December 12, 2011

Photo Essay: Pasadena to the Mt. Lowe Alpine Tavern

I've been skulking around the periphery of Mount Lowe in the Angeles National Forest for over a year now.

This summer, I spotted the closed trails to Mt. Lowe from both Henninger Flats and Mount Wilson, but the 2009 Station Fire left a lot of those roads, fire roads, and trails closed for repair and rehabilitation. Last summer, I hiked up Echo Mountain to the old White City, to explore where the old Mt. Lowe Incine Railway used to drop folks off. At the time, I thought that was kind of it, but now I realize, just as you can hike farther up from there, the incline railway's passengers' journeys did not have to end there, either: they could take a trolley all the way up Mt. Lowe to the Alpine Tavern, and even stay overnight in one of the surrounding cottages.

The original path of the trolley is actually open to the public, but not to vehicular traffic. But last weekend, thanks to the Scenic Mt. Lowe Railways Historical Committee, a group of us got past the locked gate and drove up the old path of the trolley in an annual trip that occurs every December to commemorate the opening of the railway.

Looking down at Echo Mountain...

...past the Cape of Good Hope, the site of the old Circular Bridge, Dawn Station...

...winding around the mountain, first on asphalt, dodging falling rocks...

...and debris from the wind storm that rocked the area just two days before.

To experience the vehicular journey up the mountain to the Tavern—a narrow, harrowing trip that served as a good approximation of the original experience, I think—check out this video shot from the passenger side of one of the cars in our small caravan:

The site of the old Alpine Tavern - the original end of the line for the railway - is now the Mount Lowe Camp in the Angeles National Forest, but the campground still bears some vestiges... an old rusted-out stove...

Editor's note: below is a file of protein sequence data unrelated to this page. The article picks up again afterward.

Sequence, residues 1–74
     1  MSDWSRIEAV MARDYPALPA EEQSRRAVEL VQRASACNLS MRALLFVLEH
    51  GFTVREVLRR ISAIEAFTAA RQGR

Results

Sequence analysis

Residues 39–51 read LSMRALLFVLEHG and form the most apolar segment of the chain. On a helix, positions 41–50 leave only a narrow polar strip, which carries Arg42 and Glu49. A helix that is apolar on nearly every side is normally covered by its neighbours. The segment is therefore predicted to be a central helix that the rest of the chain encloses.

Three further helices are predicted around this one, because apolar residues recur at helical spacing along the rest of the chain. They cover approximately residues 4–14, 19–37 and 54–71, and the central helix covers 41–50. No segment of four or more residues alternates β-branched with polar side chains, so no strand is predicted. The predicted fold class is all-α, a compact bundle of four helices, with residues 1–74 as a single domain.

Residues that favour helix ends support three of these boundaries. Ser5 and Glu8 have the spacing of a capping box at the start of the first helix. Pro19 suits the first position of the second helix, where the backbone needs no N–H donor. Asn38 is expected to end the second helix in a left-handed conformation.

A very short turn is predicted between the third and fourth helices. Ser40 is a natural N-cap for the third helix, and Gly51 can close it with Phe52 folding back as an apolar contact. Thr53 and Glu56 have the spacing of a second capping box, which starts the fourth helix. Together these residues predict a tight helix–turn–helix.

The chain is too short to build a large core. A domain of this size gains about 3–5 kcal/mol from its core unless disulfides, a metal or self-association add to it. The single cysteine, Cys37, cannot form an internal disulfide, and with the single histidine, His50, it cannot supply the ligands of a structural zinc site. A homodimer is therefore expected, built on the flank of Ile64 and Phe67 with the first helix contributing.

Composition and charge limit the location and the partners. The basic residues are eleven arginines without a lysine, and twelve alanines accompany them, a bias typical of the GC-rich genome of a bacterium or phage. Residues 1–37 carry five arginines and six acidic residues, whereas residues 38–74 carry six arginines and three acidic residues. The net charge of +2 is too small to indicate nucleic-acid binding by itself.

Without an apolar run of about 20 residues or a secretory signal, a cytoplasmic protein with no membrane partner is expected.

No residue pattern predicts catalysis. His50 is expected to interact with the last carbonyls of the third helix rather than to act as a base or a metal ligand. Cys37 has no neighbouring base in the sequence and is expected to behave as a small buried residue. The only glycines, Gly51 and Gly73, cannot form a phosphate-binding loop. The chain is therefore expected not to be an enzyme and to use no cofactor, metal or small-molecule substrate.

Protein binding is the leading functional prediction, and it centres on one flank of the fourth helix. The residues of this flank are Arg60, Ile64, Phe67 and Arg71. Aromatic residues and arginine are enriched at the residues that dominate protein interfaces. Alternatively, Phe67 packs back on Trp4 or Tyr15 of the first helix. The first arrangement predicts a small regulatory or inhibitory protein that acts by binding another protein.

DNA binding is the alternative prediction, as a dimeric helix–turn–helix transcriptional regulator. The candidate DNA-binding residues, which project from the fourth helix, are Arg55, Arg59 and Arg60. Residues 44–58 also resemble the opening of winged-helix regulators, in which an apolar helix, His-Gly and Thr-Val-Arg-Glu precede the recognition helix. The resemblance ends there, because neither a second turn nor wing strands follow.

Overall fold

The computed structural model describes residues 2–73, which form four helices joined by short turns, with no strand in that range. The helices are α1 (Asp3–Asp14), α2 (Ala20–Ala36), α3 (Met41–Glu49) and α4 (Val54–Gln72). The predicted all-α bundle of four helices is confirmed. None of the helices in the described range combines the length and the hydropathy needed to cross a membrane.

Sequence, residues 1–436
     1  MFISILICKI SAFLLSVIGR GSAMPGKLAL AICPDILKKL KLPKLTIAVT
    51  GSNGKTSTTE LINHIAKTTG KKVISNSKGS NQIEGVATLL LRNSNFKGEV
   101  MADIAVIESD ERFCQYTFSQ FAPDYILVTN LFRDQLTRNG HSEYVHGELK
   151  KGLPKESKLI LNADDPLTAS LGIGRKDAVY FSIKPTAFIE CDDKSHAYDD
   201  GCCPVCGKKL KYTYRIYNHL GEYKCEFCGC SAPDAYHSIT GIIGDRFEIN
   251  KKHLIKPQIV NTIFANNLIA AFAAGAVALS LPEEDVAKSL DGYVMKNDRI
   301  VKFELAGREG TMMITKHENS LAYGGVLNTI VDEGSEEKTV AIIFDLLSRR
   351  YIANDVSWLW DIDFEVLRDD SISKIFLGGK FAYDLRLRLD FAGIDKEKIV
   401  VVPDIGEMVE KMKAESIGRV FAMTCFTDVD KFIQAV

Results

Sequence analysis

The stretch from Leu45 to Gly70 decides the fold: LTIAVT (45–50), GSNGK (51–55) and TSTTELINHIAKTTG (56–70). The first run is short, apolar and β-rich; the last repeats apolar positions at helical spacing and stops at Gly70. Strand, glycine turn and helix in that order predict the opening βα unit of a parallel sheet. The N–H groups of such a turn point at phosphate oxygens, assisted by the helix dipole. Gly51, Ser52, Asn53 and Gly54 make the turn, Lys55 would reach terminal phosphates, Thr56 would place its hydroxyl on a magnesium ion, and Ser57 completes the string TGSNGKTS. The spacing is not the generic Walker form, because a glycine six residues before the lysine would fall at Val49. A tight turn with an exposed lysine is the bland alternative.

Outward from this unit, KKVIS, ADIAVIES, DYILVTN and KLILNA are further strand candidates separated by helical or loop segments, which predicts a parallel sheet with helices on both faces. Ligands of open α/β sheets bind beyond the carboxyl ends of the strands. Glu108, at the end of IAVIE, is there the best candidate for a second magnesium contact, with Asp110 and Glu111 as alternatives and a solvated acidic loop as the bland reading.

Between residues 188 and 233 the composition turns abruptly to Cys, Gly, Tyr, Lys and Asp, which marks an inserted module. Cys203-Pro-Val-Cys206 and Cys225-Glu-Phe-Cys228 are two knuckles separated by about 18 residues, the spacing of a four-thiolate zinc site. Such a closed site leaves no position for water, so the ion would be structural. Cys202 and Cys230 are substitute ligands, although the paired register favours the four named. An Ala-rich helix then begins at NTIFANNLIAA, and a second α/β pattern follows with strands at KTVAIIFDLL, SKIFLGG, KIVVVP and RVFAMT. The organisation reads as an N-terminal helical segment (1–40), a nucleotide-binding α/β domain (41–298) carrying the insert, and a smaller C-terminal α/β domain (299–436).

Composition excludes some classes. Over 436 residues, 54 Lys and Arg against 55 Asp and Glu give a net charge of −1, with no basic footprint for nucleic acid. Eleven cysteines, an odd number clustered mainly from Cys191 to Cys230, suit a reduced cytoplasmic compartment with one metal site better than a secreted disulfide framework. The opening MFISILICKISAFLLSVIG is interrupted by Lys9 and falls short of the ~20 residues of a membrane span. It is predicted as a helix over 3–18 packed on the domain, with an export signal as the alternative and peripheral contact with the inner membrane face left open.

...the terracotta kitchen floor...

...and the kitchen walls.

Volunteers scour the mountain and the canyon for relics, and when they can, they bring them back to their (sometimes guessed) original location, like this snow plow that used to be attached to the front of the train...

...and this metal ring, which the rangers and volunteers think used to encircle a tree by the tavern.

The 2009 Station Fire miraculously spared much of Mt. Lowe and what little remains of its railway, but as evidenced by the pervasive crunch underfoot of uneaten acorns, much wildlife was not spared, and the ecosystem has not yet snapped back into place, despite how much of the forest actually has recovered in the last couple of years.

Not much else remains around the Alpine Tavern, save for some stairs that now lead nowhere, and some interpretive signs installed by the Historical Committee.

One of the committee's greatest contributions has been the restoration of the Ramada (or pavilion) at Inspiration Point, a short hike for us (and for the railway passengers back in the day) slightly higher up the mountain, where several trails now intersect.

Stay tuned for the next post that shows Inspiration Point and the journey back down to Pasadena.

Related Post:
Photo Essay: Heart-Pounding Hike to a Lost City

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